On reading further about ethnography, Ying realised that she needed to further refine her research design and think about her underlying research philosophy. From her reading she identified three common approaches to ethnography: critical, realist and interpretive. Each of these would mean something different for the way she would gather data in her ethnography. She immediately decided that the critical approach to ethnography might not fit since she was not interested in the power relations in the organisation. She felt it was difficult to decide between the realist and interpretive approaches on her own. The realist approach would give her insights into how managers deal with change by focusing on the objective decisions and actions they take, but it would not allow her to gain insight into how they actually make sense of and interpret change. Interpretive ethnography might give her a richer understanding of how managers deal with change, but she was concerned that interpretive ethnography was rather unscientific as, unlike the realist stance, it involved her own interpretation of the data. For this reason, she felt that realist ethnography might help her to gain better data. After having mulled it over for a couple of days she decided, slightly reluctantly, to ask Mikael for help. Soon after the two of them met and discussed which stance would be more appropriate. Mikael told her that the realist and interpretive approaches were equally accepted methods. He questioned whether taking a realist stance would really let her find out what motivated managerial actions during change. He felt that interpretive ethnography might be most appropriate for Ying’s study as she wanted to look at how managers deal and cope with change beyond what they say and do. He advised her that it was important to acknowledge that the researcher is part of the creation of knowledge, but that this is an accepted means of uncovering the rich insights that will come from interpretive work. Consequently Ying felt more comfortable taking an interpretive stance.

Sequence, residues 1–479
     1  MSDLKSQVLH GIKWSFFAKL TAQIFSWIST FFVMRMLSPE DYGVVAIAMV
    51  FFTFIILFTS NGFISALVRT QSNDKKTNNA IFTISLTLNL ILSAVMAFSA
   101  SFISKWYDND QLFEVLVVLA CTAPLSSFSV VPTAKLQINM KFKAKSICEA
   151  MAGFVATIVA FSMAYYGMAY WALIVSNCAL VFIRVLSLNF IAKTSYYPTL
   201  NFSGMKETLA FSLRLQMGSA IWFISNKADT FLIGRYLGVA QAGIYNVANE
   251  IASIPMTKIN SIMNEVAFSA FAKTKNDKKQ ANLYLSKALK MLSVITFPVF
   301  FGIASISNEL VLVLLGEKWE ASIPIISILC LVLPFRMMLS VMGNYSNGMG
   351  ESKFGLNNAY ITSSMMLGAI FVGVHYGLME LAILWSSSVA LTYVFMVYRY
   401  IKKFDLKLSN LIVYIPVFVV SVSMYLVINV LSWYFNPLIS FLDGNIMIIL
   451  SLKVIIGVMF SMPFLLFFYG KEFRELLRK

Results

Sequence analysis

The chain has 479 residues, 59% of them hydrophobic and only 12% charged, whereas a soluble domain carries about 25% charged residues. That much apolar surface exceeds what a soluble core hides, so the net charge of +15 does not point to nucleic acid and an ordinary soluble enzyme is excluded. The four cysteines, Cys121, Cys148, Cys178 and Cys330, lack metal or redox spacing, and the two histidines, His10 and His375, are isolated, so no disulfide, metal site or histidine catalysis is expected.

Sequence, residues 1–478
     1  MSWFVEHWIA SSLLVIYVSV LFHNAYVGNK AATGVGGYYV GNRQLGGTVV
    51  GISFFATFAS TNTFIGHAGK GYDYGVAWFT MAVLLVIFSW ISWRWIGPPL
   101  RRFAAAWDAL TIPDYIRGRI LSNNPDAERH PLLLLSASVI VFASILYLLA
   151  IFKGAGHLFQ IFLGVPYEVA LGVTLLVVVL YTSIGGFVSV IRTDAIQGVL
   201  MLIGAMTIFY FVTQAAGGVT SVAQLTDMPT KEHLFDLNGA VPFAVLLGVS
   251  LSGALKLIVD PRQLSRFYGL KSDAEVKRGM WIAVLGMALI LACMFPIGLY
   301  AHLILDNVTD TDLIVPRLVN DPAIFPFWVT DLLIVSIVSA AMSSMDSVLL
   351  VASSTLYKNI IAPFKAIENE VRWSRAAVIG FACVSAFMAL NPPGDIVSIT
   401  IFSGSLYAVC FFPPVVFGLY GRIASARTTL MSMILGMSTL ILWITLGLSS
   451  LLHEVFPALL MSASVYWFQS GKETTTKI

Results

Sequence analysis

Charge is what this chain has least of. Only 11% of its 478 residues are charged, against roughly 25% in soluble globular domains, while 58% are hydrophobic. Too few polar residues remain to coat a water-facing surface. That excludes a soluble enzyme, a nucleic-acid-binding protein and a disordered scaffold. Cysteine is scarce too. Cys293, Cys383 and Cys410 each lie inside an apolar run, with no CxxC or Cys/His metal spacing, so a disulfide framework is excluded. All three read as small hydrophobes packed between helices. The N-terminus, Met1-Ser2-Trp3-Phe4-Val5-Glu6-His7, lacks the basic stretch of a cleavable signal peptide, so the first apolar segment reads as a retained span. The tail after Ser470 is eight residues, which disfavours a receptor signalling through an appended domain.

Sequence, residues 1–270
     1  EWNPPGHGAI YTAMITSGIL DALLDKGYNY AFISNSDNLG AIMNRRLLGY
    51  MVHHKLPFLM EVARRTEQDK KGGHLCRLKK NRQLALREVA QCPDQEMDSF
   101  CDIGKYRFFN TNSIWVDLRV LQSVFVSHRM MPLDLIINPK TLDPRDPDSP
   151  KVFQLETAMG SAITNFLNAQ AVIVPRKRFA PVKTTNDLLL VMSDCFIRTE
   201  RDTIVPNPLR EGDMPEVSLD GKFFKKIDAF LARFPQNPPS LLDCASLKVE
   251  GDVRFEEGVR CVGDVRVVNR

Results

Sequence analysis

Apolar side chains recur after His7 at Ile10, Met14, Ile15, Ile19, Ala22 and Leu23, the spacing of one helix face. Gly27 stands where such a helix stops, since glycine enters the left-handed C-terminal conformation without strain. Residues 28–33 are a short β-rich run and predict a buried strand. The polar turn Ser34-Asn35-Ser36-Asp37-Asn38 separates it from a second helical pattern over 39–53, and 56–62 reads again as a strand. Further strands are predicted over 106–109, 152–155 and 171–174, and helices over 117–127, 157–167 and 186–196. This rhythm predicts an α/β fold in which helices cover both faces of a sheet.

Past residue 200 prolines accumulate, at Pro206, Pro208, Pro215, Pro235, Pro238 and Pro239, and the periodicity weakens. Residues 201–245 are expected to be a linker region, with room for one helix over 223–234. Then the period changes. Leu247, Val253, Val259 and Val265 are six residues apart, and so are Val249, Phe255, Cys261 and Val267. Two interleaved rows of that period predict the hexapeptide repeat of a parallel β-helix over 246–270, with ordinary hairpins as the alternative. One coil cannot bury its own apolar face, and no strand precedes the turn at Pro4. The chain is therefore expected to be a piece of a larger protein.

Having decided on her philosophical position, Ying started thinking about some other aspects of her research design – how many cases she was going to study and for how long. She remembered that it was acceptable to carry out a single case study but that using multiple cases would allow her to make comparisons between different situations. Upon reflecting on the amount of work that goes into an ethnography and reading some articles that used ethnography, she realised that one case was all that she would be able to manage since she only really had a couple of months for gathering data. However, she realised that in order to understand the managers and how they dealt with change she would have to study the company for as long as possible. Therefore she decided that she would use the entire two months that she had available for data collection, which seemed like a good amount of time since she found that other researchers had spent similar amounts of time in their research setting.
Ying stepped back and thought about her decisions. She was very happy with every aspect of her research design so far and was already looking forward to the next step – finding access to a company to help her work out who she would talk to and observe. She knew getting access was not going to be easy but she was ready for the challenge.
Hammersley, M. and Atkinson, P. (2003). Ethnography, Principles in Practice. London: Routledge.
Stahl, G.K., Angwin, D.N., Very, P. Gomes, E., Weber, Y. et al. (2013) ‘Sociocultural integration in mergers and acquisitions: Unresolved paradoxes and directions for future research’, Thunderbird International Business Review, Vol. 55, No. 4, pp. 333-56.
Van Maanen, J. (2011) Tales of the Field: On Writing Ethnography (2nd edn). Chicago: Chicago Guides to Writing, Editing and Publishing.